Egg Allergy

Egg allergies are scary to me. My chiropractors grandson has an egg allergy, and went into anaphylactic shock, lips turning black, and stopped breathing after eating scrambled eggs at about 2 years old.  So when Jacob was having his 1st allergy scratch test done, they also tested him for eggs. The largest welt on his back was the egg reaction. ~Boy was I ever glad I had, at the last moment, changed my mind from making french toast the night before for supper!

My youngest son had to have major surgery in March 2011. The day after surgery, his breakfast tray came, and the kitchen had provided gluten free-wheat free bread. [this was before the RAST test results!]~ and since his allergies were right on his chart,  I ASSUMED it was free of other allergens.  He ate maybe two small bites, and about 10 minutes later was wheezing and gasping and sounding very hoarse. At first I thought it was a complication from being intubated during surgery, but suddenly realized it was allergies when I noticed that the few bread crumbs that had landed on his bare chest, were now sitting on reddening welts.  Jacob needed and got an EPI-PEN injection in his leg. Instead of being mad at anyone for this happening, I look at it as a mixed blessing. My son had an anaphylactic reaction to eggs and I was able to recognize it, I knew what had to be done, and I remained calm through it!

FYI!! Propofol anesthesia has been linked to reactions for people with egg and soy allergies!! If you or your child is having any kind of surgery- BE SURE TO MENTION THIS! Our hospital stashed some of the old formulated propofol to use for patients with egg allergies- but even that will expire and who knows how long their supply will last- But ask- your hospital may also have some for use! Plus it is important to keep this on their radar in case of any type of reaction during a procedure. [ Full article here]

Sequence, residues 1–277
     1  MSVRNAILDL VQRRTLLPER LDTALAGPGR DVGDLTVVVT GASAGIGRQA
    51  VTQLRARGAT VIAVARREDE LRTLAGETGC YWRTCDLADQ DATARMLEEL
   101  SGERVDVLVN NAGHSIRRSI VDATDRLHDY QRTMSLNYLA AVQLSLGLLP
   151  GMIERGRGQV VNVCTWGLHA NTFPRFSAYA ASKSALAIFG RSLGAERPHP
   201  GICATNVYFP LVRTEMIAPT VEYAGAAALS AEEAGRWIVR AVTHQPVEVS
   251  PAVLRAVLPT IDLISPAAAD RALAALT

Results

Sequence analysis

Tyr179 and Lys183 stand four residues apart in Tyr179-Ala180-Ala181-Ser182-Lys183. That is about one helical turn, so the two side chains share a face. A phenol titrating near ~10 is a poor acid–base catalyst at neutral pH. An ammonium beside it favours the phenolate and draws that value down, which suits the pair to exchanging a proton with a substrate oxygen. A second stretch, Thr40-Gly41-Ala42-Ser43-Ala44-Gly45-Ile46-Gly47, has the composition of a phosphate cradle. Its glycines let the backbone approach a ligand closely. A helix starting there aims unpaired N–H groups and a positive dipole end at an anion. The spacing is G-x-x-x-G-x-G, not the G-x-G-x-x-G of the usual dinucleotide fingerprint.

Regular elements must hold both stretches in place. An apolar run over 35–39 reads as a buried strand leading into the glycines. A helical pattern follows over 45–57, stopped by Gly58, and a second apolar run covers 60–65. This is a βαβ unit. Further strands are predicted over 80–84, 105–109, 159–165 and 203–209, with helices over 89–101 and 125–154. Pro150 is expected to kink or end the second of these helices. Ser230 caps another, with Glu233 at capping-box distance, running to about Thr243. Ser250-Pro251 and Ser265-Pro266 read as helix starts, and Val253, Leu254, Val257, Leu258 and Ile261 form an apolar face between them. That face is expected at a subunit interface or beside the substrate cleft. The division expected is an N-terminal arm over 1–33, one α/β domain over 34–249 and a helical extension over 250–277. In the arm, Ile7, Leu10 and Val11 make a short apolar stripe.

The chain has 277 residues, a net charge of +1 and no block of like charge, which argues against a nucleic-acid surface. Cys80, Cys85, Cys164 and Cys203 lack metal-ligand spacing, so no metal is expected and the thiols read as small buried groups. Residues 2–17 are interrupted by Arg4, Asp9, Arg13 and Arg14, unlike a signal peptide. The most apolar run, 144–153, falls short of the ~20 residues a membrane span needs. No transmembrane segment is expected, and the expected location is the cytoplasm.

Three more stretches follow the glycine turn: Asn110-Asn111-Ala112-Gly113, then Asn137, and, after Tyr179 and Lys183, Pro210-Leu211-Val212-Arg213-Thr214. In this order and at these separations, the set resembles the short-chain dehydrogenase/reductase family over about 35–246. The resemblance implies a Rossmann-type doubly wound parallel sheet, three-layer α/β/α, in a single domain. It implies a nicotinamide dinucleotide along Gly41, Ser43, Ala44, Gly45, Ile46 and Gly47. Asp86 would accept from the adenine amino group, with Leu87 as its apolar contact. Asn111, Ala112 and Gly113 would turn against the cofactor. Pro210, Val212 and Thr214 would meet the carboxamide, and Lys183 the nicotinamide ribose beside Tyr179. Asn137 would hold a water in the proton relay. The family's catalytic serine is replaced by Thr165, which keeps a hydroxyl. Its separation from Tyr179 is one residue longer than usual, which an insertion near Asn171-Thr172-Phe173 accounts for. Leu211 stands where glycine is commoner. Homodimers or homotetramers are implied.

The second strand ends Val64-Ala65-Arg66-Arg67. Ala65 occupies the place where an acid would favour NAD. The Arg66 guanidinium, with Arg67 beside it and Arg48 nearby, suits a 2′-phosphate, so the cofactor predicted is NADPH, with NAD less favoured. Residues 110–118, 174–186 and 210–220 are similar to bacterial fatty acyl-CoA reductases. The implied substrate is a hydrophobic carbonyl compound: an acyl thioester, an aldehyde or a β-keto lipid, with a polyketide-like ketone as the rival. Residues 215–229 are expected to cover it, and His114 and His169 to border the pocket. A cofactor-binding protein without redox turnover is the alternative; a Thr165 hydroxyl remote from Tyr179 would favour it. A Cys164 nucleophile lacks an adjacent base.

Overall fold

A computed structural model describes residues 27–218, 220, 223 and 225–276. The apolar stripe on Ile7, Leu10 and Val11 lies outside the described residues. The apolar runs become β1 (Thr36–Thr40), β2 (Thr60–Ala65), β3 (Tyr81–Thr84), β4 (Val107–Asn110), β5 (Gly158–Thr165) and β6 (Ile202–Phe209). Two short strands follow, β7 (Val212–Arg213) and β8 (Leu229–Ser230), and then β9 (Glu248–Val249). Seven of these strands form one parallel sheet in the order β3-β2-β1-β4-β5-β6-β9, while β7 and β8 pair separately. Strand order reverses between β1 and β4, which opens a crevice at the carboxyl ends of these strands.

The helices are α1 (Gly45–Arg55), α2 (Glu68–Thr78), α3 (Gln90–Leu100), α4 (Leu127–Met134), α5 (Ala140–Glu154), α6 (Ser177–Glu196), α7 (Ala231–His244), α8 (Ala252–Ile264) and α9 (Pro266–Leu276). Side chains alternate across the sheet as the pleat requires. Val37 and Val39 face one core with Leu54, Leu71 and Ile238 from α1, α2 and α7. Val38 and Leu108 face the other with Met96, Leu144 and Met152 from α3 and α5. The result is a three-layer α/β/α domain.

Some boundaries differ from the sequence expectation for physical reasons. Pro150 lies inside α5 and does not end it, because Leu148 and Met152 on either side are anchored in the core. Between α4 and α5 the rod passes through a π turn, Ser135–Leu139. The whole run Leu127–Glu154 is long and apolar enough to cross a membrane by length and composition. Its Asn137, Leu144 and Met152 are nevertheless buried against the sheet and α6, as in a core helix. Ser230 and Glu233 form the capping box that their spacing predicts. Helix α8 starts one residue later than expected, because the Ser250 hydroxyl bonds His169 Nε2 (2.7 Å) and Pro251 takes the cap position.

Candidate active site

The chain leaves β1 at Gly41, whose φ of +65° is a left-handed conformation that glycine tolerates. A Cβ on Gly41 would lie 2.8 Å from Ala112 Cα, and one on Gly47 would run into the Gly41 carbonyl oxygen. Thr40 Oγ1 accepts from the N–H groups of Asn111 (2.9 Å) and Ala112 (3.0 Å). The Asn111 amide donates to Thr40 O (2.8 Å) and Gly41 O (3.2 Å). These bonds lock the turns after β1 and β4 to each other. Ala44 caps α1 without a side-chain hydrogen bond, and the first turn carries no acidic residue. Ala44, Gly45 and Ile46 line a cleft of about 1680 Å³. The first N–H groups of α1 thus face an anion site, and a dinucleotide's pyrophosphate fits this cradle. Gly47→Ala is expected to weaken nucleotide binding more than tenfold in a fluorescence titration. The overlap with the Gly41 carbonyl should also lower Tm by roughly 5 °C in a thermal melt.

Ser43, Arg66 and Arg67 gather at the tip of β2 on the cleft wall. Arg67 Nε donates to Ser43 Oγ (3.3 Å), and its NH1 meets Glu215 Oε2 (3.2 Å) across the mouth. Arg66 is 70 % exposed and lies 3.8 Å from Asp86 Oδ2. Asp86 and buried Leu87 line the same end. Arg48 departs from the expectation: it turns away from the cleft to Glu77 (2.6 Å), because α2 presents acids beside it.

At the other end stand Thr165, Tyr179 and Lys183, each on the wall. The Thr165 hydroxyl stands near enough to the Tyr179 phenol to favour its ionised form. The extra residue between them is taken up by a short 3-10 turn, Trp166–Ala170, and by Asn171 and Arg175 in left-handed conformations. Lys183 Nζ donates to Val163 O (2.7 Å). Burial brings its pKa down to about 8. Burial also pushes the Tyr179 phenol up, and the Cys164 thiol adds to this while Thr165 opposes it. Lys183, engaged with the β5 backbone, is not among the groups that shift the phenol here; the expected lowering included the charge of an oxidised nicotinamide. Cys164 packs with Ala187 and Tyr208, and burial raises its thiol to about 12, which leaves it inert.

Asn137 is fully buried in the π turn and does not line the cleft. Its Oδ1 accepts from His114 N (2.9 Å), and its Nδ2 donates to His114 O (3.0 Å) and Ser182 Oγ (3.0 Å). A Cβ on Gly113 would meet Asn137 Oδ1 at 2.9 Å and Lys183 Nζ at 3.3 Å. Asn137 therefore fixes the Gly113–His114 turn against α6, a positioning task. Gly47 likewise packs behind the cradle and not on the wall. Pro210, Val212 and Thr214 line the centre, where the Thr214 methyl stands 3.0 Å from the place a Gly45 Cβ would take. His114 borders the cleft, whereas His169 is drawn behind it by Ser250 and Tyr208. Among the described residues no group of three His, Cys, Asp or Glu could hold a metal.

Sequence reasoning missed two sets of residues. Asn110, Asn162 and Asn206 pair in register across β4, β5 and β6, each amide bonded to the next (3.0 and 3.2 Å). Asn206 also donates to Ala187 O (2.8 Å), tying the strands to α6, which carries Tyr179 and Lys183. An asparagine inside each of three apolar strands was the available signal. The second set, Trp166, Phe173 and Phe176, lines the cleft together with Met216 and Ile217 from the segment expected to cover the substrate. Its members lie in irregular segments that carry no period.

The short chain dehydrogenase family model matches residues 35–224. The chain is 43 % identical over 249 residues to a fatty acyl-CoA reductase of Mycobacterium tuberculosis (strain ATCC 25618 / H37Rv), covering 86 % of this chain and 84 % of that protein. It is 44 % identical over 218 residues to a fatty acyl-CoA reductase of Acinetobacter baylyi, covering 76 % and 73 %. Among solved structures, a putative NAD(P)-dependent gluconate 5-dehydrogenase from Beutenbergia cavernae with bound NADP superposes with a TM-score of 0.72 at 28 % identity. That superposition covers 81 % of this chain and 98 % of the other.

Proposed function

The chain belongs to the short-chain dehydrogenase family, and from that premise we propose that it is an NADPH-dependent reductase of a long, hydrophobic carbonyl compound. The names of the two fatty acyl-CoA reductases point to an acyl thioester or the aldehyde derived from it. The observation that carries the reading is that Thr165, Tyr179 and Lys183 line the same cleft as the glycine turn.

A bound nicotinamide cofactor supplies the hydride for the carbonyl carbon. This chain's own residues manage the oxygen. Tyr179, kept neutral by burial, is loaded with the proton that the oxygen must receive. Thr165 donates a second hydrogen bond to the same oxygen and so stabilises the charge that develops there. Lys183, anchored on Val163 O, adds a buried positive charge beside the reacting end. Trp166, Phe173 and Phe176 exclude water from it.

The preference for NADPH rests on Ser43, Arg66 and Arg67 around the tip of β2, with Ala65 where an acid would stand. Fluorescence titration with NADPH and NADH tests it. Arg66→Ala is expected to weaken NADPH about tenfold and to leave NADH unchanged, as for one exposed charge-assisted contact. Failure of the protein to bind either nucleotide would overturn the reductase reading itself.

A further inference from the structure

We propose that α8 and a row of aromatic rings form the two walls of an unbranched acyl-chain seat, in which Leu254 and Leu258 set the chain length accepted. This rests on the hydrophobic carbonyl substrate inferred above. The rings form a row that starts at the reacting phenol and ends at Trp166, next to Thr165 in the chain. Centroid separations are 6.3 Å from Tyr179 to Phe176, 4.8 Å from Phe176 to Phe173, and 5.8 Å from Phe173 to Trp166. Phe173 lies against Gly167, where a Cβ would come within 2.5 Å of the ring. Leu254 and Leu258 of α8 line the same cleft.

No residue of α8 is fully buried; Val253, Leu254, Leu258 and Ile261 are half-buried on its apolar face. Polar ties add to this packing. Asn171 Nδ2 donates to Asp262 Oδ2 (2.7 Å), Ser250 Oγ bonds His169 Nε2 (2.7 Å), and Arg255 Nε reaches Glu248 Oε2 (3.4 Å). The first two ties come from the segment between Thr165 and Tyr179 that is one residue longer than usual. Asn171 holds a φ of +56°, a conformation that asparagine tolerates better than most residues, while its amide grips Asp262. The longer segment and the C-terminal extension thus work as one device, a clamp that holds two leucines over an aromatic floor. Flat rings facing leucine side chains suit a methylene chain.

Some things you will now have to avoid with an egg allergy:  Baked goods, most pastas, bakery items, donuts, meringues, some frostings and marshmellows, pumpkin pie [many use eggs!], mayonnaise! Here are two links to the FAAN website with some more detailed information on egg allergies.

http://www.foodallergy.org/page/egg-allergy

http://www.foodallergy.org/files/media/downloads/HTRLsheet2010.pdf

When baking, eggs can easily be substituted, however bear in mind that the substitutes don’t work well if you are doubling a recipe say for cookies.

For each egg, substitute one of the following in recipes. These substitutes work well when baking from scratch and substituting 1 to 3 eggs.

  • 1 tsp. baking powder, 1 T. liquid, 1 T. vinegar
  • 1 tsp. yeast dissolved in 1/4 cup warm water
  • 1 1/2 T. water, 1 1/2 T. oil, 1 tsp. baking powder
  • 1 packet gelatin, 2 T. warm water. Do not mix until ready to use.
  • 1/4 cup applesauce= 1 egg
  • 1 tsp. baking soda + 1 tsp. cider[or white]  vinegar=1 egg
  • 1/2 mashed banana = 1 egg
  • 1 tbsn flaxseed meal [store in freezer so does not turn rancid!] + 3 tbsn warm water
  • 4.5-50z prune puree [babyfood jar]
  • Ener-G brand EGG REPLACER sold in most grocery stores and Whole Foods, it comes in a box, powder form, and you mix it according to the label instructions.
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